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Japanese Cookery Class & Meal – Gyozas; Sushi; Pork Tonkatsu;

We hope you enjoyed your class with us, below are the recipes – if you have any questions for chef please do ask and we’ll get back to you as soon as possible.

we cooked: Miso Sweet Potato Gyoza’s; Uramaki Sushi; Amazu-an Glazed Pork; Stir-Fried Udon Noodles;

Sweet Potato Gyoza Recipe

Gyozas are really versatile, a crowd-pleaser and fundamentally tasty!  We love to use a blend of sweet potato and tofu – roast the sweet potatoes whole in their skins until squishy and mash.  But this recipe works just as well with meat – just switch out the sweet potato/ tofu and replace with chicken mince or similar.

Ingredients: Makes about 40

    • – 150g shredded cabbage (any softer white/green cabbage)
    • – 1/2 teaspoon salt
    • – 250g mashed sweet potato
    • – 140g firm tofu (or try smoked tofu), finely chopped
    • – 50g crispy onions or shallots
    • – 1/2 tablespoon grated fresh ginger
    • – 2 minced garlic cloves
    • – 1 tablespoon chopped spring onions
    • – 2 teaspoons white miso paste
    • – 1 teaspoon sesame oil
    • – 1/4 teaspoon caster sugar
    • – 40 gyoza wrappers (these are generally vegan, check pack for trace of dairy)

For cooking

  • – 4 teaspoons sesame oil
  • – 120ml cold water

For an alternative quick dipping sauce

  • – 6 tablespoons soy sauce
  • – 3 tablespoons rice vinegar
  • – A few drops of sesame or chilli oil

Method:

  1. Sprinkle the salt over the shredded chopped cabbage in a small bowl. Stir and leave it for 10 minutes. Squeeze the cabbage firmly to drain and discard the excess water. Transfer to a large deep bowl.
  2. In a bowl mix sweet potato, ginger, garlic, spring onion, miso paste, one teaspoon of sesame oil and sugar.
  3. Line a large tray with baking paper. Fill a small cup with cold water.
    Place a gyoza wrapper on a flat dry surface and put a heaped teaspoon of the sweet potato mixture in the centre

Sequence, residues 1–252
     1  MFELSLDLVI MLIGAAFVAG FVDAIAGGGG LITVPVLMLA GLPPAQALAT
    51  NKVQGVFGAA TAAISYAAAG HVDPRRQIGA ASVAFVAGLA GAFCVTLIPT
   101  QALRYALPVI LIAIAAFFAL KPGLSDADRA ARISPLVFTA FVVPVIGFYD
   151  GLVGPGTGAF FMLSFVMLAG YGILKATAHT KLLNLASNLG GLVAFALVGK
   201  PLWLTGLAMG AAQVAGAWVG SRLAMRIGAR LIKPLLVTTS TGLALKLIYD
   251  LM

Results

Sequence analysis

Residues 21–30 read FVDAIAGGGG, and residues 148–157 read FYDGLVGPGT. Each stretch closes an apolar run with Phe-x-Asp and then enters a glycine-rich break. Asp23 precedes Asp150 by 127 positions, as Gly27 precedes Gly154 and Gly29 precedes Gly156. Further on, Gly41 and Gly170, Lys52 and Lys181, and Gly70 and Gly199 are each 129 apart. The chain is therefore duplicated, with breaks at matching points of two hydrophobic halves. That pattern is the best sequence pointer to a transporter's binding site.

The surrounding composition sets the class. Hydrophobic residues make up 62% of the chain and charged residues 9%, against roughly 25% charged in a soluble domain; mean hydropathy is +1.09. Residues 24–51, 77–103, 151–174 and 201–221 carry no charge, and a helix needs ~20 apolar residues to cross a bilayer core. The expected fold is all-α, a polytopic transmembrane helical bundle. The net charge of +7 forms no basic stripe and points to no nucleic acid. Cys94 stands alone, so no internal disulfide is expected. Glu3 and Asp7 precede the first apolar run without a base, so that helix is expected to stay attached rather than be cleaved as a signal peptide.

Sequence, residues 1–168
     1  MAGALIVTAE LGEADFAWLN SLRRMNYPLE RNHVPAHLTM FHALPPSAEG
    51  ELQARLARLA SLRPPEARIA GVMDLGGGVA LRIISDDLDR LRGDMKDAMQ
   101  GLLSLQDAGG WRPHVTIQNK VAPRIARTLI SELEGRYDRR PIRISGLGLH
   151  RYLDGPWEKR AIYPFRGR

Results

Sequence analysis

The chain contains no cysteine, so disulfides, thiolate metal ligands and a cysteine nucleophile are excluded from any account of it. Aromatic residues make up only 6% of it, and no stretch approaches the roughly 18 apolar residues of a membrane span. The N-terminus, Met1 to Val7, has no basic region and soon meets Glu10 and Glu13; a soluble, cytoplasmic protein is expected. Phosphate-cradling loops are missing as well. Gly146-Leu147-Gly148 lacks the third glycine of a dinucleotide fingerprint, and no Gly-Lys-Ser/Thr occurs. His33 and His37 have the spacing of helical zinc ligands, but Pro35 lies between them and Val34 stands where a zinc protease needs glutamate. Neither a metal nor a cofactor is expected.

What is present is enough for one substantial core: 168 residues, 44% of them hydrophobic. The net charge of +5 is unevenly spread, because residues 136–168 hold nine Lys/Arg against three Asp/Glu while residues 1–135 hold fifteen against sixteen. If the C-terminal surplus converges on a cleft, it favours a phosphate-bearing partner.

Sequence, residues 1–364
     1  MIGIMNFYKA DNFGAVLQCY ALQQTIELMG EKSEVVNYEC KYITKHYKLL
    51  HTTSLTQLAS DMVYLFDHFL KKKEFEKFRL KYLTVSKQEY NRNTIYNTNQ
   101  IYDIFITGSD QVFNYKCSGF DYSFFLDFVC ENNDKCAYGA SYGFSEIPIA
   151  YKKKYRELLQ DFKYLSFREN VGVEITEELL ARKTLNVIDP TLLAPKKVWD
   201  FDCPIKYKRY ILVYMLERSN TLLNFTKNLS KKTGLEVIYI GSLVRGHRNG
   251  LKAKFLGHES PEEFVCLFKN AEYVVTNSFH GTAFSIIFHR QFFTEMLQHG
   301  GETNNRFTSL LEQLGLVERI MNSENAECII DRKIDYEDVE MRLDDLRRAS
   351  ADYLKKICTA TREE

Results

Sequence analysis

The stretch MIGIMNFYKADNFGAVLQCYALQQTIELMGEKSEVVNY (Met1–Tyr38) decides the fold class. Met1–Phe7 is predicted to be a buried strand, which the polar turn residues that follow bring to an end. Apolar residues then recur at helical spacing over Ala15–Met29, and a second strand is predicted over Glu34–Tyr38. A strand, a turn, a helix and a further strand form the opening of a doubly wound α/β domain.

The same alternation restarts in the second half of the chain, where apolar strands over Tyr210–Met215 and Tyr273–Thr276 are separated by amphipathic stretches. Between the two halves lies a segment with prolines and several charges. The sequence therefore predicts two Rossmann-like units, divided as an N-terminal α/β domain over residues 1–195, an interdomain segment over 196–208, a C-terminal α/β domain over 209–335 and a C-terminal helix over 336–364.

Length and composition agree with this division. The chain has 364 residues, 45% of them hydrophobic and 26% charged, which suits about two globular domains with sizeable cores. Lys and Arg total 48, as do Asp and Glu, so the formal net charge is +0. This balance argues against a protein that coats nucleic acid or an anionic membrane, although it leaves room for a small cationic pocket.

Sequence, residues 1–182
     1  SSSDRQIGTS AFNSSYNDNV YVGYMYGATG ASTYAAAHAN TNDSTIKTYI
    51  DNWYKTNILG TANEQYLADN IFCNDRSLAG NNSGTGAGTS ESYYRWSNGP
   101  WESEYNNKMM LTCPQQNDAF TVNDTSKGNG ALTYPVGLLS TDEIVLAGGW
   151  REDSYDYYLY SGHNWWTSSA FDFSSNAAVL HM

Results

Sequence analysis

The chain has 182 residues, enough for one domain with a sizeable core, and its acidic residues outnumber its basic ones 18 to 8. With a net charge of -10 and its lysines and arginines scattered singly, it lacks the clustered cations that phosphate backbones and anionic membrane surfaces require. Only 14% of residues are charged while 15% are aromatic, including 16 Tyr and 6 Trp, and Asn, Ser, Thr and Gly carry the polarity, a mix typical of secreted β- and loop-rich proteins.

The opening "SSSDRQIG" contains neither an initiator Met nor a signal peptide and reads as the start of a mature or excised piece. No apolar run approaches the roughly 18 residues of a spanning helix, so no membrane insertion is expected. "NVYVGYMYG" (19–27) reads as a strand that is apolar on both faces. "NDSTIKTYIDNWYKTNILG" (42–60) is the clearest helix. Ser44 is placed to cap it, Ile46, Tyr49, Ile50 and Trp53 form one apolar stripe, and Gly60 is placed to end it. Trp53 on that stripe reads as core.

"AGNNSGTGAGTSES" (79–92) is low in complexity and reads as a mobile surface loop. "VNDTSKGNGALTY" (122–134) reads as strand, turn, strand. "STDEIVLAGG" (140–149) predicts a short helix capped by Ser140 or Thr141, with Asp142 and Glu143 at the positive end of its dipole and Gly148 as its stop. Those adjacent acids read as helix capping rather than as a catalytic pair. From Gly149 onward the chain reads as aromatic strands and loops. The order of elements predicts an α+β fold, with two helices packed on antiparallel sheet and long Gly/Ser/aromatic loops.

Dip one finger in the cold water and trace a line along half the edge of the gyoza wrapper
    Fold the wrapper over to enclose the filling. Pinch the wrapper in the centre at the top to seal that spot.
    Holding the filled wrapper in your left hand (or right if left-handed), pleat the top of the wrapper. Set aside on the lined tray keeping the edge up. Repeat with the rest of the wrappers.
  4. For the cooking part, use a large frying pan or skillet with a tight-fitting lid.
    Put the pan over a medium heat and add one teaspoon of sesame oil. When it is hot, place the gyoza in the pan with their edge up. Cook for about 3 minutes or until the bottom of the gyoza is golden.
    Add in 60ml of cold water and cover immediately with the lid. Steam for about 2 minutes or until most of the water has evaporated.
    Uncover, let the water evaporate completely, then add one teaspoon of sesame oil. Cook until the gyoza is crispy in the bottom (when shaking the pan, the dumplings should slide; if not, set the pan aside and cover with the lid for another 2 or 3 minutes).
    The gyoza dumplings should be slightly translucent and the filling should be firm.
  5. Flip the gyoza dumplings on a large serving plate, browned surface up.
    Serve with the dipping sauce

Dumpling Dressing

Ingredients – Serves 2:

  • – 1 tablespoon soy sauce
  • – 1 tablespoon of ponzu
  • – 1 teaspoon black vinegar
  • – 1 tablespoon water
  • – 1 tablespoon of honey
  • – pinch of black pepper and/or gochugaru (red chili pepper flakes)
  • – 1 clove of garlic, grated
  • – 1cm of fresh ginger, grated

Method:

  1. Mix all the ingredients in a bowl and refrigerate until needed.

Tuna Uramaki Sushi

Ingredients – Serves 4:

Although this dish has tuna in its title, if you don’t enjoy eating it raw, or don’t like the thought of it, don’t worry, you can substitute for a smoked fish like mackerel, or try extra avocado.

  • – 200g sushi rice uncooked (400g cooked, following cooking instructions)
  • – 4 sheets of nori
  • – Wasabi paste
  • – Pickled ginger
  • – Soy sauce
  • – Japanese mayo
  • – 1x avocado, sliced
  • – 1x carrot, shredded
  • – 1x cucumber, de-seeded, cut into long batons
  • – Handful of coriander, chopped
  • – 200g Sashimi grade tuna

Method: